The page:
LONDON (Reuters) - British manufacturing output and new orders declined in July at the fastest rate since May 2020, as factories across Europe struggled with rising costs and slowing demand, a survey showed on Monday.
The S&P Global/CIPS UK Manufacturing Purchasing Managers' Index (PMI) fell last month to 52.1 from 52.8 in June, revised down slightly from a preliminary "flash" July reading of 52.2.
The fall would have been greater but for an upward revision to the survey's jobs index.
The survey's gauges of output and new orders fell sharply and reached their lowest levels since the onset of the COVID-19 pandemic, which caused a widespread shutdown of the economy.
A Lloyds Bank survey of businesses published on Friday also showed manufacturers had been hit hard by rising inflation.
"The reduction in total new orders was linked to the cost of living crisis, weak domestic demand, client uncertainty, warmer-than-usual weather and lower intakes of new export business," survey compiler S&P Global said.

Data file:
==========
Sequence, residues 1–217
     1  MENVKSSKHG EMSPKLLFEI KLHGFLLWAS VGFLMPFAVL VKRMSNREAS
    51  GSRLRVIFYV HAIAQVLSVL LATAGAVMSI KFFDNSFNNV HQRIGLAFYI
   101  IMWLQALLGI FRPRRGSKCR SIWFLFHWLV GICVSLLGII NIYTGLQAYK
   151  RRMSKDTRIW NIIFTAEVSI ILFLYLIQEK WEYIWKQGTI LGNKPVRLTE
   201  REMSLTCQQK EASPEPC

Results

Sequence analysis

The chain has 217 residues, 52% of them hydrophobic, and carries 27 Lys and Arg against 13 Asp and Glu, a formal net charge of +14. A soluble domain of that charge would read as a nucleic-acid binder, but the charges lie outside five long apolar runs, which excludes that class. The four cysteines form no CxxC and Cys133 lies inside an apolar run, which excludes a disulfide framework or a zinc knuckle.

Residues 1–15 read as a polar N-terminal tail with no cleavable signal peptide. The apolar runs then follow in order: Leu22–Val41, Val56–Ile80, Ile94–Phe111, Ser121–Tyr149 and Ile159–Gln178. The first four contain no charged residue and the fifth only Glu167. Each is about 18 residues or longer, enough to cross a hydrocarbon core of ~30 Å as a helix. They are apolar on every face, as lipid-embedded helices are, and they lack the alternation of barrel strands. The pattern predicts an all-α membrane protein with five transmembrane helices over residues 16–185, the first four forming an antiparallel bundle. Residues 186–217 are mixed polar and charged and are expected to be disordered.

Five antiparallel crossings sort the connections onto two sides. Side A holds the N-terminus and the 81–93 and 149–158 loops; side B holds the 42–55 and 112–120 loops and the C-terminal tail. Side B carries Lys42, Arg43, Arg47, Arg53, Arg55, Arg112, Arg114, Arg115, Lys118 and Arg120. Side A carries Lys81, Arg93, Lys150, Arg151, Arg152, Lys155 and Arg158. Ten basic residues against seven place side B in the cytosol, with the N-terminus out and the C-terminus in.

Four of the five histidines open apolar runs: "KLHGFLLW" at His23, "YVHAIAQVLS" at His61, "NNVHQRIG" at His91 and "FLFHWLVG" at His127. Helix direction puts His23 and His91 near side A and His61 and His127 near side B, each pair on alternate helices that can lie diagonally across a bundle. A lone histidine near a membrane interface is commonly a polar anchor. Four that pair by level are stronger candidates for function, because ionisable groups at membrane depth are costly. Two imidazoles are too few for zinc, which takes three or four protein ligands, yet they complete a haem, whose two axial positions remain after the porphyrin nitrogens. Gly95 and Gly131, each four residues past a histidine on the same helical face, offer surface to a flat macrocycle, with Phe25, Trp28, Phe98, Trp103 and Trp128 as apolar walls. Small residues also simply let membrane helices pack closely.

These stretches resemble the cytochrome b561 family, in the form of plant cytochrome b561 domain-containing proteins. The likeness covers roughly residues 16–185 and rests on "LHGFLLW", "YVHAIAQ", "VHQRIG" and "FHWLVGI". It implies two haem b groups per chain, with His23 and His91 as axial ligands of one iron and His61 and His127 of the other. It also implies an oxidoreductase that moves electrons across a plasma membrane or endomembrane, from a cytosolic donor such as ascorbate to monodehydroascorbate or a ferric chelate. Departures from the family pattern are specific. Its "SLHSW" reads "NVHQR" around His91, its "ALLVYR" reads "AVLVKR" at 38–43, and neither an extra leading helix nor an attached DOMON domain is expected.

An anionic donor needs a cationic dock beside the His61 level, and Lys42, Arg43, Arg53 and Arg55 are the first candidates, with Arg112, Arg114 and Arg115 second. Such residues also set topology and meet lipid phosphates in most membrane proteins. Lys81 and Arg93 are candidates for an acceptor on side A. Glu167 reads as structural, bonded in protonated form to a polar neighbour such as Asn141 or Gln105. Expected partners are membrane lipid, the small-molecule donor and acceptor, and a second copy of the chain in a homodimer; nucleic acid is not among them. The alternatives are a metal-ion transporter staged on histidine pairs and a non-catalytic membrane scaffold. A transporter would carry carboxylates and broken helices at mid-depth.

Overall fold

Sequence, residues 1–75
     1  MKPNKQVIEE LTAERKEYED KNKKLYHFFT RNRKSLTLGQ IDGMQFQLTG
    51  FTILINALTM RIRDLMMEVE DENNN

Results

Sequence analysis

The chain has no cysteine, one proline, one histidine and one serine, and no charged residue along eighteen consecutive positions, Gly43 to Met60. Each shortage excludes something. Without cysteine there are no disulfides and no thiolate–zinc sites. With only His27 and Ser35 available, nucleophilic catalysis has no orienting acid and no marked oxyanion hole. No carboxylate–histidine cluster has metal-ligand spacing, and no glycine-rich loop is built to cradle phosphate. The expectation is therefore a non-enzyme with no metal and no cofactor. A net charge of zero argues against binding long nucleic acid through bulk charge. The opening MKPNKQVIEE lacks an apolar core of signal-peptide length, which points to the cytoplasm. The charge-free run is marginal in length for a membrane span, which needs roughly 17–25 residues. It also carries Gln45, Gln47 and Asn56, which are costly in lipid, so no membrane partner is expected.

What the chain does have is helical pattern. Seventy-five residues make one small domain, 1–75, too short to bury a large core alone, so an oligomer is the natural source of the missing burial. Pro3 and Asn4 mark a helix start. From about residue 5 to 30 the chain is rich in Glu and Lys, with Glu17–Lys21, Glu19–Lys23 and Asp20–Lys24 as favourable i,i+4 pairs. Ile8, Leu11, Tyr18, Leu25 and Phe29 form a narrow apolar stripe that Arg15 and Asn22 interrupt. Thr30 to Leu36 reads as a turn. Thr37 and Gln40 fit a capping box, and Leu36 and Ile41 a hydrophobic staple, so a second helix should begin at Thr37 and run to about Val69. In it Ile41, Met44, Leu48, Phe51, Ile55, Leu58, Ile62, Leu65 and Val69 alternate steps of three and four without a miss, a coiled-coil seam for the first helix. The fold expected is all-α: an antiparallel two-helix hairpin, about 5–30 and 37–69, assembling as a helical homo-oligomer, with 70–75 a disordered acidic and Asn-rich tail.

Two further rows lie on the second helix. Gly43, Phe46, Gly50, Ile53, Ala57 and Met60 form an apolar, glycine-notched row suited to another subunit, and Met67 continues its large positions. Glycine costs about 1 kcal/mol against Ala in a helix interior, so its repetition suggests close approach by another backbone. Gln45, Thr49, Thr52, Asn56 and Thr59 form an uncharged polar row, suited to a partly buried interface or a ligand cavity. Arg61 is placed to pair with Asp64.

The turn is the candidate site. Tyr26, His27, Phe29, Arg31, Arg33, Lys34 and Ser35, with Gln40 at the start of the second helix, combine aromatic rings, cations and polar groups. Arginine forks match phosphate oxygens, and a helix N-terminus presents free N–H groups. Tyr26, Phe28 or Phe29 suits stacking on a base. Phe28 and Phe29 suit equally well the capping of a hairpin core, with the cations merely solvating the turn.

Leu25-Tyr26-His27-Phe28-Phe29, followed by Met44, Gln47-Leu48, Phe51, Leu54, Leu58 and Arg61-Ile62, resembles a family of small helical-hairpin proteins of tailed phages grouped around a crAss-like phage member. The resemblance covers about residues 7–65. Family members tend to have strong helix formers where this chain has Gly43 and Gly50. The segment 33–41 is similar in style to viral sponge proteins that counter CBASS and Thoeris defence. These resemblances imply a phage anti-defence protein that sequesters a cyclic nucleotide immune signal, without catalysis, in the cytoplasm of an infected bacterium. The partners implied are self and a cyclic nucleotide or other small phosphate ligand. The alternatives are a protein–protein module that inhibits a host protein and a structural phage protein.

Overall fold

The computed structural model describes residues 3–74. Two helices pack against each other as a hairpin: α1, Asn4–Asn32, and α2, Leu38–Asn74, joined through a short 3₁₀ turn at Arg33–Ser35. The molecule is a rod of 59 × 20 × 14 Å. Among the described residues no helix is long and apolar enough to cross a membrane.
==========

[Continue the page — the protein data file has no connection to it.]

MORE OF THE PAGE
Export orders also contracted, in part due to Brexit problems, S&P Global said.
Manufacturers' input and output prices rose at the slowest pace in more than a year, which could reassure Bank of England officials about the extent of inflation pressure in the economy.
Economists increasingly think the BoE will raise interest rates by 50 basis points rather than 25 basis points on Aug. 4 as it seeks to stop the recent surge in inflation to 9.4% from becoming embedded in the economy.
(Reporting by Andy Bruce; Editing by William Schomberg and Toby Chopra)